And don’t forget, most of those people make their living selling you books and seminars and NOT from active investing in RE. It’s a classic case of “those who can do; those who can’t teach.”

  8. The bubble was caused by people thinking only in overly simplistic and unrelistic terms.
    Kiyosaki’s books are common enough now to be nearly free to acquire and they are available in public libraries. From them one can learn that no one wants to hold an “alligator” asset that needs to be constantly fed instead of generating income from its value. The whole point of Rich Dad is the lesson of distancing oneself from unproductive activities and assets that are associated with Poor Dad. Where exactly do you see the bailout in that?
    All I see in that attempted jab is yet more inexcusably simplistic thinking.

  9. That is a good price for that block. The house is boring, large and incongrous. the interior was redone in a formal style that does not tie to the exterior. It has incredible views and a huge garage. should move quickly here.

  10. Why would I want or need to pay 15K to have someone tell me that I should focus on productive work? I bought Rich Dad, Poor Dad a few years back and all I learned from it is that he got lucky off of free and easy credit. I know lots of people like that, including one particularly screwed ex-gf in SF defiantly riding her “alligator asset” straight into the abyss, destroying 20 years of accumulated wealth in the process.
    But I’ll throw my own lesson for today’s economy in for absolutely free. If your only career skill is exclusively and entirely focused on moving piles of money around, skimming off your cut here and there, you are now the walking dead. Tick tock tick tock tick tock.
    And my dad wasn’t even rich.

  11. 24% real drop here:
    $1.825M in 2006 = $1.942M in 2009
    But then you also have to include the cost of the remodel (anyone have any estimates?), which appears to be significant.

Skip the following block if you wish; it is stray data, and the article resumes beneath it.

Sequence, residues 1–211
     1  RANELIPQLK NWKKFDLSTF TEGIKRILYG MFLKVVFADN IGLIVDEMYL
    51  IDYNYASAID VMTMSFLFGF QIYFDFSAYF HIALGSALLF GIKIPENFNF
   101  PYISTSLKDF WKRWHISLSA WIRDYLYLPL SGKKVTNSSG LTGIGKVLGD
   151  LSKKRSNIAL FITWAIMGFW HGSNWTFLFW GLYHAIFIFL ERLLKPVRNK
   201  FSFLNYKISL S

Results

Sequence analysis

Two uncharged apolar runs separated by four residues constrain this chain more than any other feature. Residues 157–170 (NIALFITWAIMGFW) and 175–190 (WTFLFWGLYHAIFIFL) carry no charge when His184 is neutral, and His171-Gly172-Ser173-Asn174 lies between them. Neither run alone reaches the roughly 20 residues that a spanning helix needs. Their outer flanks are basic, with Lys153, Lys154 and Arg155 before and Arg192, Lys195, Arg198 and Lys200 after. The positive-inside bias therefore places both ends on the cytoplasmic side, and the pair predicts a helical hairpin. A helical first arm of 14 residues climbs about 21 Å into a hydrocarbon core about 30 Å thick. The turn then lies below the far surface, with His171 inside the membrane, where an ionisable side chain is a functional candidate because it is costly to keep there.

Would certainly be nice to have Satchel/LMRiM back.

  12. Who wants two sinks in one kitchen? His and hers? Seriously, I have enough trouble keeping my one sink free of dirty dishes.

  13. Yes that was $15,000 and yes, I asked him why he didn’t just keep that money for a better down payment on something. But someone who just spent a lot of non-refundable money doesn’t really want to hear that it was stupid.
    On the book front: I find most books are mini-scams too. I can’t think of one flipper or investment type book I have read where it actually mentions broker’s/transaction fees in the sale of your property. But at least you are only spending $20 for the books.

  14. “Seriously, I have enough trouble keeping my one sink free of dirty dishes.”
    The second sink allows you pile up twice as many dishes between the weekly or biweekly maid visits.

  15. I’ve always thought that the people who create courses about
    “How to make money through real estate” are absolutely accurate.
    They HAVE created a way to make money – for themselves. They peddle courses and books for a nice profit.

  16. All you people are morons. You just don’t get it.
    I guarantee you that Robert Kiyosaki didn’t buy this property under his name or under a large company. More than likely, a brand new LLC was formed just for this property.
    One of you said, “why didn’t any of his ‘rich dads’ bail him out?”
    Are you kidding me? Why would you throw money at a house that’s under water, especially if you aren’t personally liable for the loan? Let that ship sink! Keep your cash!
    Meanwhile, Robert probably bought a SHITLOAD of properties in the last 18 months at ridiculously low prices, using money that he DIDN’T spend paying back the bank.